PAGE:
It is likely that you may have never heard of the term “Brand Activation” until I just used it now…and that is fine. To those not super engrained in the marketing world you would have no reason to know what this term means, but you most likely have engaged with one at some point. To put it simply a Brand Activation is an event, a really big and organized event, that is designed to connect consumers with a product or service in a unique and memorable way. Remember those Coca-Cola cans and bottles with everyone’s name written on the side? Although that may have seemed like a creative gimmick, that campaign put together by Coca-Cola was a brand activation event on massive scale.
So what is a brand activation again?
Brand Activation’s are a considered a subset of marketing underneath the umbrella of “Experiential Marketing”. Experiential Marketing, as its name suggests, is marketing that is focused on experience and connecting people to products and services in ways that invoke some type of emotion. Many of these brand activations take place in the form of organized events that required many meticulous hours of planning, organizing, and setting up. They typically take place in larger venues with plenty of space such as exhibition halls, conference centers, etc., but can also take place on a smaller scale in large public spaces such as malls, department stores, and even on the street. In today’s world of ever expanding digital technology and diminishing attention spans companies are more pressed than ever to connect with consumers in unique and lasting ways to get them to buy a product or service. Over the past few years many companies have switched to this model and are investing more marketing dollars than ever before in brand activation events in attempt to steal some of that valuable consumer attention that is dropping by the decade. Events such as the Coca-Cola “Share A Coke” campaign, Lean Cusine’s “#WeighThis” campaign, and Bud Light’s “Whatever USA” campaign were all very successful events that connected consumers with the brands behind the event.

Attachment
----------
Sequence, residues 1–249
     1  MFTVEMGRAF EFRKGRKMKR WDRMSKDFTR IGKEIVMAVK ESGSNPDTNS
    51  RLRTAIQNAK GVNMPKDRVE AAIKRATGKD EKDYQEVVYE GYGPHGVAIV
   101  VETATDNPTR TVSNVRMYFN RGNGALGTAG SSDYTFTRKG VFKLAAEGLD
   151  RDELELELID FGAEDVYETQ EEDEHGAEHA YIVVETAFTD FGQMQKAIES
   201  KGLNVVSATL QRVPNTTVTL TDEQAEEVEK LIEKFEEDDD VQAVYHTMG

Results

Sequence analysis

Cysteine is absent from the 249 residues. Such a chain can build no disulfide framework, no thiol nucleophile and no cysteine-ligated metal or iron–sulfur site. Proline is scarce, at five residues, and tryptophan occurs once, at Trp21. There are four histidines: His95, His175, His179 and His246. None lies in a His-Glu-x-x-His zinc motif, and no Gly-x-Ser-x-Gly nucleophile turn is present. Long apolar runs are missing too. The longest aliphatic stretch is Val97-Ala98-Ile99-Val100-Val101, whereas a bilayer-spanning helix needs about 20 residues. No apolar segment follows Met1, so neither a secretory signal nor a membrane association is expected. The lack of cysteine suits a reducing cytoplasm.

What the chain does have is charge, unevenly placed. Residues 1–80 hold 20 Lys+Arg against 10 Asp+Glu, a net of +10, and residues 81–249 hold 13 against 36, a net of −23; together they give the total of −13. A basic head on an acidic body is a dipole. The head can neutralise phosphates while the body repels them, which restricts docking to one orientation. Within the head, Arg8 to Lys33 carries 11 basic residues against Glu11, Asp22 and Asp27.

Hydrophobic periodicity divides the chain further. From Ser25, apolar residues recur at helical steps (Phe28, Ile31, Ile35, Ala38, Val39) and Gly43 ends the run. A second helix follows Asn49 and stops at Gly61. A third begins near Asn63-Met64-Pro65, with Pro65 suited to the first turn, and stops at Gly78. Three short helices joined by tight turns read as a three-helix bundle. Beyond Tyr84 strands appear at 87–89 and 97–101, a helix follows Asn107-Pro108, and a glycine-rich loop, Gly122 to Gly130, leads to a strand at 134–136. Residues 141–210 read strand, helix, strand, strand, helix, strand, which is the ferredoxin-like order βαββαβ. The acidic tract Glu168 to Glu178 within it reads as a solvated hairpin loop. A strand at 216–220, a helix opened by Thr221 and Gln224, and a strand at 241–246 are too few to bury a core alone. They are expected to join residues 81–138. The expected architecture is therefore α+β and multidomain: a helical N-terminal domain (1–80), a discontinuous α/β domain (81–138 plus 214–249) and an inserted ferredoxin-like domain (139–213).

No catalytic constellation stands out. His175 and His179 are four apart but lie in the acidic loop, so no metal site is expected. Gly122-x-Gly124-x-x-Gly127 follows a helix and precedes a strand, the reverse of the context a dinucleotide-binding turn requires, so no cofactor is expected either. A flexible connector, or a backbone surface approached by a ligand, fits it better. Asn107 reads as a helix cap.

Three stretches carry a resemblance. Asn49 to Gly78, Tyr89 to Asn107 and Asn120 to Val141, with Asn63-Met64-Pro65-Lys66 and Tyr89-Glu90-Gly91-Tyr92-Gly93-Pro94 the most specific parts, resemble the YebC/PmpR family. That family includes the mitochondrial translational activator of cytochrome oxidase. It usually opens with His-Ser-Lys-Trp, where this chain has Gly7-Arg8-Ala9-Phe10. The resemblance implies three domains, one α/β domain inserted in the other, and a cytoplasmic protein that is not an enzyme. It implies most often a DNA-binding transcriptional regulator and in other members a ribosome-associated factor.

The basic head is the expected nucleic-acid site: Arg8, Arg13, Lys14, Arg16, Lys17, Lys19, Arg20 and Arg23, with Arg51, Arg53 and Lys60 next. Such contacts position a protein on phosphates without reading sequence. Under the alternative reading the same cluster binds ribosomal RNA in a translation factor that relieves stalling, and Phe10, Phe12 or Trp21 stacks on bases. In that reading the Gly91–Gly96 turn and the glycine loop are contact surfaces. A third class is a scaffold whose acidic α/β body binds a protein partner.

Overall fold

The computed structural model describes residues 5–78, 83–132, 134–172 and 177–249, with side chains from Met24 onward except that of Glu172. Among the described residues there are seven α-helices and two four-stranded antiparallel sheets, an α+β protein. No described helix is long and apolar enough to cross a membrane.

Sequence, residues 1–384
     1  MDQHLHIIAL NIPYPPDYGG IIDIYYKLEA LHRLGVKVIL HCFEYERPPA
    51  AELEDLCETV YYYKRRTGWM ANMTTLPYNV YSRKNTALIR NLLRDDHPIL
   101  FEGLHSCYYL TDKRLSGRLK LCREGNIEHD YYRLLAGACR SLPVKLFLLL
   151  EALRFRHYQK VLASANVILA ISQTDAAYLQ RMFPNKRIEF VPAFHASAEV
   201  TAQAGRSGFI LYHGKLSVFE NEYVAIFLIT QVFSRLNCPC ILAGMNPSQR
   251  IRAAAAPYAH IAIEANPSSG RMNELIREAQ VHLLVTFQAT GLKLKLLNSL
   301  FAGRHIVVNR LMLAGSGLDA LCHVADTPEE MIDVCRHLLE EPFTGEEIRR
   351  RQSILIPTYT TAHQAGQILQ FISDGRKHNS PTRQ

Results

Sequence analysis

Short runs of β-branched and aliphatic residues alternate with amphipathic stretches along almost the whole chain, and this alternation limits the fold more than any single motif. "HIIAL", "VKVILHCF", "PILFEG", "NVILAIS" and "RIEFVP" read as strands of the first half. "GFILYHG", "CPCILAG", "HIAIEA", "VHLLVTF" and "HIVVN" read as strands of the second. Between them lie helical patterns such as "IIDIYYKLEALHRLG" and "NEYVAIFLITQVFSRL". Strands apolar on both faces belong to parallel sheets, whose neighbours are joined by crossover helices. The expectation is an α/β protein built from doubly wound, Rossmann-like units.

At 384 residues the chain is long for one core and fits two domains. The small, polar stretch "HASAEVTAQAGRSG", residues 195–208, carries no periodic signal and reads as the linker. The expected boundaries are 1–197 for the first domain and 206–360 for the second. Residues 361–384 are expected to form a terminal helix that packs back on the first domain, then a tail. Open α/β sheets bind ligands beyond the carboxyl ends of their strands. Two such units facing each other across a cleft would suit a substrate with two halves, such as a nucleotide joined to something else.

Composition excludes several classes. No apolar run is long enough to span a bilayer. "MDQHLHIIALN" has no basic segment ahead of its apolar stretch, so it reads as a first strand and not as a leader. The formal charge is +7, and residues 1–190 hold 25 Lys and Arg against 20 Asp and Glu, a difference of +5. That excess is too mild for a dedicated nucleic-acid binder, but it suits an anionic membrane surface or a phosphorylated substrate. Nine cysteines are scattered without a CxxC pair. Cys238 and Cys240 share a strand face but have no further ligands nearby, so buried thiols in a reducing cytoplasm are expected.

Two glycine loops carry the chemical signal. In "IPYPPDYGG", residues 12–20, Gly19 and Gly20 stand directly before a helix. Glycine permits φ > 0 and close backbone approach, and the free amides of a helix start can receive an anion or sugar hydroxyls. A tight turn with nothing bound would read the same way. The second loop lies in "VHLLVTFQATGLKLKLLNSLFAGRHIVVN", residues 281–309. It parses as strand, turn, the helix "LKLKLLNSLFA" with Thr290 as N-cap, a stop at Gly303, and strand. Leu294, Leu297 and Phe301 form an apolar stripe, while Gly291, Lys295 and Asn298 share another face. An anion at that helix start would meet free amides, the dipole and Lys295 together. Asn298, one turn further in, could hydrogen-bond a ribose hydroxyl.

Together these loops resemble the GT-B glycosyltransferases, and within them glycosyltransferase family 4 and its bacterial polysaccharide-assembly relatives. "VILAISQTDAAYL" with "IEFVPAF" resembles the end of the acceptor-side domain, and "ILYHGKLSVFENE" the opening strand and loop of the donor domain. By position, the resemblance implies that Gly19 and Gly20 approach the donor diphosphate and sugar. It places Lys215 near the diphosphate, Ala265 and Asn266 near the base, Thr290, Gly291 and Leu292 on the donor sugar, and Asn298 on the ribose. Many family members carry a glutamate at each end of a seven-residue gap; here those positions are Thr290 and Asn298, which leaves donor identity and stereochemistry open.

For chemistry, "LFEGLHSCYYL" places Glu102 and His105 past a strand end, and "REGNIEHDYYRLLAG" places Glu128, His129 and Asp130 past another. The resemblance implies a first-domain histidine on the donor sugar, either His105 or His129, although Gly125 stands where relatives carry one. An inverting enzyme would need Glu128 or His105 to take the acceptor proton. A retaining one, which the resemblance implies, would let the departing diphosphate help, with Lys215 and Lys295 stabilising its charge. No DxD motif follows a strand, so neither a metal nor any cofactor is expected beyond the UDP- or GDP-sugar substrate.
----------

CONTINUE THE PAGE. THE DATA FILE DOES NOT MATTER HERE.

Five Steps to Design a Brand Activation
As you can begin to tell these events, if done properly, can make a huge impact on thousands of people in a very short period of time. In our experience these events always need to start with a concrete set of goals that can reach a defined audience, they need to be planned, organized, and offer an experience unlike anything that has been done before. Here are five tips to plan a great brand activation:
- Decide what action you want your consumers to take. Do you want to increase sales? Spread brand awareness? A combination of both? Start by defining your goals and quantify them. How much your event will cost will most likely dictate that you accomplish more than just raising awareness.
- Determine how you will know that our audiences actually care about what you are doing. It would be a mistake to plan a huge event by generalizing your audience to people that really don’t care. People don’t really care how much you know until they know how much you care.
- Once you have formed your objectives start planning your activation. Consider how the activation will embody your brand and meet your goals. If you’re designing a specific event think beyond the conventional and implement an idea that is entirely unique to your audience. Trust us, the results will show.
- Identify ways to leverage your activation to different promotional opportunities. Reach out to local media, issue press releases, make events on social media, do whatever you have to do to appropriately promote your activation to the people that matter most.
- Determine ways to extend your activation beyond the event. Keep the conversation going post-event through social media and identify milestones that can be celebrated. Can you implement the activation year-round? Are there ways to extend the idea to new markets? Can the activation use other tools to spread the message? Be creative!
For any brand activation it is best to look beyond just one event or initiative. A successful activation needs to be ongoing and always targeting the audiences that matter most to your brand. People are constantly looking for new things and new ways to interact with brands because they an integral part of our daily lives. Strategize on a consistent basis and compile feedback along the way. Remember, even though millions upon millions of dollars can be shoved into an advertising or social media campaign the largest ambassadors of your brand are your audience; consumers. Get them to follow you in creative and unforgettable ways and the results will speak for themselves.
Nick Myers is the Managing Partner of RedFox Creative. For more information or to leave a comment, send an email to email@example.com. We’d love to hear from you!